A revolutionary knee-replacement procedure is offering NHS patients the chance to walk in and walk out the same day, sparing them a lengthy stay in hospital.
Unlike traditional procedures, which require an admission of at least three days, the new operation is typically performed at 8am and, by 12pm, the patient has regained the full use of the leg.
By 3pm, they are free to go home with their ‘good-as-new’ knee.
Surgeons have hailed the treatment ‘pioneering’ and claim the speedy recovery will free up beds, potentially saving the NHS millions of pounds every year.
The surgery is conducted almost identically to traditional methods. But instead of having a general anaesthetic, patients are awake.
A numbing injection is delivered to their spine, preventing them from feeling their legs while the new knee is fitted.
Fast-track physiotherapy sessions then help them learn to use the new joint before they are discharged.
Consultant orthopaedic surgeon Graham Walsh, who developed the technique and introduced it at the Calderdale and Huddersfield NHS Foundation Trust, believes it is the start of a ‘big explosion in day-case knee surgery in the NHS’.
The Huddersfield Hospital, a private hospital run by BMI healthcare, has been carrying out the procedure since February last year, and so far all 65 patients have seen astonishing results.
The trial has been so successful that Mr Walsh has convinced the local NHS trust to adopt the approach.
Knee replacements are the third most common surgical procedure in the UK, with more than 100,000 carried out in 2017.
Horse-rider Helen Spencer, a retired GP, was among the first to have the one-day knee operation at the BMI hospital in November.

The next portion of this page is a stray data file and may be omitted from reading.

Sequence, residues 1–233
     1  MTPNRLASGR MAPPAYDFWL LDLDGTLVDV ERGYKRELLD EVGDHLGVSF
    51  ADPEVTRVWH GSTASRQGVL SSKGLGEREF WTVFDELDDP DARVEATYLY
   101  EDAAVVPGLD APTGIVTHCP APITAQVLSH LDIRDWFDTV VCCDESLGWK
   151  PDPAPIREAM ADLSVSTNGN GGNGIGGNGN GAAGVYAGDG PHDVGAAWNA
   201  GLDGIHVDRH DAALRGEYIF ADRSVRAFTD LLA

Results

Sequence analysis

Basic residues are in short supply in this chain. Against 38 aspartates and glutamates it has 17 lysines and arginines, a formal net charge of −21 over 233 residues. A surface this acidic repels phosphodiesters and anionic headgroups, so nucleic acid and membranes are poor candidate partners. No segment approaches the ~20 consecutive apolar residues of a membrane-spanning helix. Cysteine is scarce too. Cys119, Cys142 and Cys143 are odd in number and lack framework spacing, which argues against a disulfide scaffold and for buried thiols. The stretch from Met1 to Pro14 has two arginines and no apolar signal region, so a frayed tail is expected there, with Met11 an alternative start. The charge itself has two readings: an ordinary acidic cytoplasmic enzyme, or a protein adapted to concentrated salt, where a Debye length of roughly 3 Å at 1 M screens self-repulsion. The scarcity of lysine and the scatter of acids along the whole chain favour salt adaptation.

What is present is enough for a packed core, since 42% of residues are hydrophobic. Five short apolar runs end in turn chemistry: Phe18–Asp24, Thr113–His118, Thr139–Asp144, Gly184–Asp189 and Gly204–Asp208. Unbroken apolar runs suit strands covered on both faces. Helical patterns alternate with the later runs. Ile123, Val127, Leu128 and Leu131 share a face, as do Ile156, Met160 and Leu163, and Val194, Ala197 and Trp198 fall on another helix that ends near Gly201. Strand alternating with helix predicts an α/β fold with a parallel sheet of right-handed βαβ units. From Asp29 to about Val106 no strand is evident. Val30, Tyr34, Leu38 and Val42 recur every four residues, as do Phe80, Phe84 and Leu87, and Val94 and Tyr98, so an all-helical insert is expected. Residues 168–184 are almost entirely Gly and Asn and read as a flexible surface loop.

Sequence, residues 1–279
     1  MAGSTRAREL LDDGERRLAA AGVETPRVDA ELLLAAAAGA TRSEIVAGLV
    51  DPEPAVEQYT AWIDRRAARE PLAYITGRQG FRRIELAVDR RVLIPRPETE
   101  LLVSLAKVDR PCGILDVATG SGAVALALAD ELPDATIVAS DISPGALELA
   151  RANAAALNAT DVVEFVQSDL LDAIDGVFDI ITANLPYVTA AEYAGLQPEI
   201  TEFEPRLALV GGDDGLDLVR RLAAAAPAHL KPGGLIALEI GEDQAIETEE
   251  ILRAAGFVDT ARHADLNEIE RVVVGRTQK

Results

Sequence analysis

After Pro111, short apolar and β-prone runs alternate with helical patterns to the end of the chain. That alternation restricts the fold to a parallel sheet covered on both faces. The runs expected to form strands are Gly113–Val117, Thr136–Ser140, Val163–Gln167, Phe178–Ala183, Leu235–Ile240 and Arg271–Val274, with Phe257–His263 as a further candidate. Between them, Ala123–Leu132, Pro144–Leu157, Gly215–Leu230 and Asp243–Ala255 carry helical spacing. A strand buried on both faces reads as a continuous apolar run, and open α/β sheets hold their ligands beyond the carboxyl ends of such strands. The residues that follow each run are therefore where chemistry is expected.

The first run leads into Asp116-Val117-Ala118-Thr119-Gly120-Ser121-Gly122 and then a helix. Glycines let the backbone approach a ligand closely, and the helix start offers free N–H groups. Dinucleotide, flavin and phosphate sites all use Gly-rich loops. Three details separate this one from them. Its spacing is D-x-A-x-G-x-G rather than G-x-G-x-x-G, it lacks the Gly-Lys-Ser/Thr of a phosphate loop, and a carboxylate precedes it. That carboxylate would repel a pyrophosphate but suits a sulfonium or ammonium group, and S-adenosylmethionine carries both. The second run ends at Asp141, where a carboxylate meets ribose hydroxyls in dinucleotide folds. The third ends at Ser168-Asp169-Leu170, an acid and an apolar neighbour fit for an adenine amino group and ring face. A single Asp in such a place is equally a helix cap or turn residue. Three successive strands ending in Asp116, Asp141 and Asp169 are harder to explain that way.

Helen, 67, from Upper Hopton, near Huddersfield, said being able to bend her new knee so quickly after surgery significantly improved her recovery.
‘I was back to normal in about eight weeks, mucking the stables out, carrying hay bales and driving, very soon after,’ she said.
Day patients are admitted at about 7am and an hour later are taken to theatre. An anaesthetic injection is administered into the lower back so they can’t feel their legs.
A sedative is also given to help the patient relax. The rest of the 45-minute procedure is similar to the standard operation.
A velcro strap tourniquet is fixed above the affected knee to reduce blood flow to the lower limb. A vertical incision is then made on the knee and the kneecap is pushed to the side, exposing the thigh bone and shin bone.
The surgeon chips away the ends of the two bones before inserting a shiny cobalt-chrome metal cap on each end. A plastic disc is placed between the pieces of metal and attached to the shin bone, to act like cartilage.
The wound is stitched and a waterproof dressing applied instead of the normal bulky, fibrous dressing.
Back at their bed, the patient will then be visited by a physiotherapist up to three times.
‘The short-acting spinal anaesthetic means as soon as the operation is over, the patient will start feeling their legs again and be able to do their exercises,’ Mr Walsh said. ‘Once the physiotherapist is happy, they are ready for discharge.’
Ms Spencer had her walk-in, walk-out op in November, after tearing the cartilage of her left knee. Almost immediately after the sedative wore off, she was able to move her knee again.
Having had her right knee partially replaced 15 years earlier, Ms Spencer couldn’t believe the difference. She said: ‘There was a lot less pain this time.’
According to Mr Walsh, about 40 per cent of patients needing a total or partial knee replacement are eligible for day-case surgery.
‘I’ve not met a single patient who has regretted going home as a day case,’ he said.